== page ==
Those Who Sow In Tears

Those Who Sow In Tears

Those Who Sow in Tears

The fellow tried 23 times…

(though some biographers say it was as many as 40).

It was at least 23 rejections for his innovative writing.

Trouble was that it was so completely outside the box of ordinary writing that no one thought that this would get him anywhere. He wasn’t taken seriously. You see, he had devised a different way of teaching children how to read, write, spell and develop public reading and speaking skills.

He found “See Spot Run! Run Spot, run,” quite boring. So, he put his innovative writing into a manuscript and offered the completed work to a large publishing house.

That company said “no.”

They thought “See Spot Run” was more than adequate!

Undaunted, and quite convinced of the value of what he was doing, the fellow tried again.

The second company said “no” as decisively as the first.

So did the third… And the fourth… And the fifth…

Put two weeks to two months between each refusal, and you know that this was one long, long season without any affirmation at all…

Some of those rejections included this fledgling author traveling to the city in which the headquarters for the publishing house was located, so that he could present his ideas in person. Let’s pause to consider what that cost him:

  • Time—much time!
  • Money spent and lost.
  • Personal inconvenience.
  • Emotional truck.
  • Hopes shattered.

The writer of Proverbs said it well:

Hope deferred makes the heart sick…” Proverbs 13:12a NASB

Press repeat—until you get to years of time invested with no return. It was at least rejection number 23 (maybe as many as 40)…

The man was walking out of the office of a publishing house, jaded, depressed and now quite determined to just stop trying. He gave up. He decided that he would never present the manuscript to any other publishing house. In fact, the fellow himself, on later reflection, admitted that he was on his way home to burn the manuscript.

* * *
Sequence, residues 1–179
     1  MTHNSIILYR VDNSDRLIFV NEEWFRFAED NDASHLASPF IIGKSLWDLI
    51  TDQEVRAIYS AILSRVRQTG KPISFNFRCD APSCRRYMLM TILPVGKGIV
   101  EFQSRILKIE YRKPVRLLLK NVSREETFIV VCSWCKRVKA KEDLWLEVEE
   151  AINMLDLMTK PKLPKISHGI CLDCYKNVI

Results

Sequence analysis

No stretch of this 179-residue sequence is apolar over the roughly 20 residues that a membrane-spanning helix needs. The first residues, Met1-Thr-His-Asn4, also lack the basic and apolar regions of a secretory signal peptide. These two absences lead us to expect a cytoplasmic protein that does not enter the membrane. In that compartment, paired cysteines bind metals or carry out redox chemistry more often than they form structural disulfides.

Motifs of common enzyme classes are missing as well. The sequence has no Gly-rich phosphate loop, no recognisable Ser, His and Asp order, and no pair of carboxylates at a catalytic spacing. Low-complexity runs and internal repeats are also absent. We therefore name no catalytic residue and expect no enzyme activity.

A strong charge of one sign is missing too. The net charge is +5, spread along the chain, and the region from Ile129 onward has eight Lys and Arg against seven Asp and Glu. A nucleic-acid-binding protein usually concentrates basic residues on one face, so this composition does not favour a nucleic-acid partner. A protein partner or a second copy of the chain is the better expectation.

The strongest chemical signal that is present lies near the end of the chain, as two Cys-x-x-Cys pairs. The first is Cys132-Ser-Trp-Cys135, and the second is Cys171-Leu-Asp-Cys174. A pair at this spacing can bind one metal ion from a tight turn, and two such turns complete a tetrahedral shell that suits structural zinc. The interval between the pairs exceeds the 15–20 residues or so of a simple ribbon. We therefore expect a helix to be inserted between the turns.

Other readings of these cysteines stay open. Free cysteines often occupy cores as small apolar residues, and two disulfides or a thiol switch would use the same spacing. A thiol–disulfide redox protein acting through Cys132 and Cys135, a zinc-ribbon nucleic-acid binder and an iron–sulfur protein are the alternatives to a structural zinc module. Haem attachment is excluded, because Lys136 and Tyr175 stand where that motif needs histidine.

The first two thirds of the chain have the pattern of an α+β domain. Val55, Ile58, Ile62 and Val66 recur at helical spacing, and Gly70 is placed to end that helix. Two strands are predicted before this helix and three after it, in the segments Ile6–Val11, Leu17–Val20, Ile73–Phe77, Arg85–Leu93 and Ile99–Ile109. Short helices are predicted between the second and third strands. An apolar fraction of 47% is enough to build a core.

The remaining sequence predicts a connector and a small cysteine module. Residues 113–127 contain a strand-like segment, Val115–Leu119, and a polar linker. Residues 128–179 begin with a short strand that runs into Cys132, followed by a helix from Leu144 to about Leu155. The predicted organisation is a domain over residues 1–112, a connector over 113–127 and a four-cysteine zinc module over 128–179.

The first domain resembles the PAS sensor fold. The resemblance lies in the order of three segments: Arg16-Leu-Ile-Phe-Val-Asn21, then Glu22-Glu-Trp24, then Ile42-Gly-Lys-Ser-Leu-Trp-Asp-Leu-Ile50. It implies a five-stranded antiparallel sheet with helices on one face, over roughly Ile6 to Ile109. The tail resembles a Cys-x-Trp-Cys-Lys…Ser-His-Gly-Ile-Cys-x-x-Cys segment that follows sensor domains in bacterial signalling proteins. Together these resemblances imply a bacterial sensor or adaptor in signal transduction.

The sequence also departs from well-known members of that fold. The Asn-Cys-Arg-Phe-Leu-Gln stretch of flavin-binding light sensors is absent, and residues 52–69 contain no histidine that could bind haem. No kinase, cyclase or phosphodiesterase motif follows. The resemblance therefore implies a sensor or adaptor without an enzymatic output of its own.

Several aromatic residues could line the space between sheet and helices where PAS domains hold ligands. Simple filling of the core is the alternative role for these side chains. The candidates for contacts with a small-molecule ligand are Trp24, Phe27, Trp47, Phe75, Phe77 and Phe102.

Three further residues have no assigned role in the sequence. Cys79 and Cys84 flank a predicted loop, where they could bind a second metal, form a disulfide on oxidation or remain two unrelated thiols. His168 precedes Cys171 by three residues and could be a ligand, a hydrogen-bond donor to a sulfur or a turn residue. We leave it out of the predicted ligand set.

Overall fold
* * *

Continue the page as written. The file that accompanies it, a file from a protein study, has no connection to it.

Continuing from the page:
As he was walking out of the building with the purchase of matches on his mind, he met an old college friend who was an editor of children’s books. The manuscript was in his hands, and the fellow asked to see the material.

His Dartmouth College colleague reviewed the writing on the spot, and was amazed by it. Within minutes that book was accepted and then published by Vanguard Press.

So began the launch of the children’s book writing career of a fellow named Theodore Geisel.

The second half of that proverb fits the bill as well:

“Desire fulfilled is a tree of life.” Proverbs 13:12b NASB

“See Spot Run” has been replaced by his many titles.

You likely know him by the name, “Dr. Seuss” (his mother’s maiden name—bestowed on him as a middle name). He has sold more than 600 million copies of such books as “Horton Hears A Who,” “The Cat in the Hat,” “Green Eggs and Ham,” “One Fish, Two Fish, Red Fish, Blue Fish,” and many others.

Another Scripture comes to mind:

Those who sow in tears shall reap with joyful shouting.

He who goes to and fro weeping, carrying his bag of seed, shall indeed come again with a shout of joy, bring his sheaves with him.

Psalm 126:5-6 NASB

            That Psalm comes from the day when farmers in a “survival culture” with almost nothing except a portion of last year’s grain, had to choose between eating the seed or sowing some into the ground, so that they could eat at all. Crop failure was ordinary—and sometimes they would weep while sowing because they didn’t know if the crop that they were sowing was much needed food thrown away, or a hope for the future.

            Yet this text tells us to have confidence in the God who oversees our labor, who knows our disappointments and orchestrates for us to meet those who would help us succeed.

            Don’t give up.

Keep sowing that seed…

© David Chotka 2020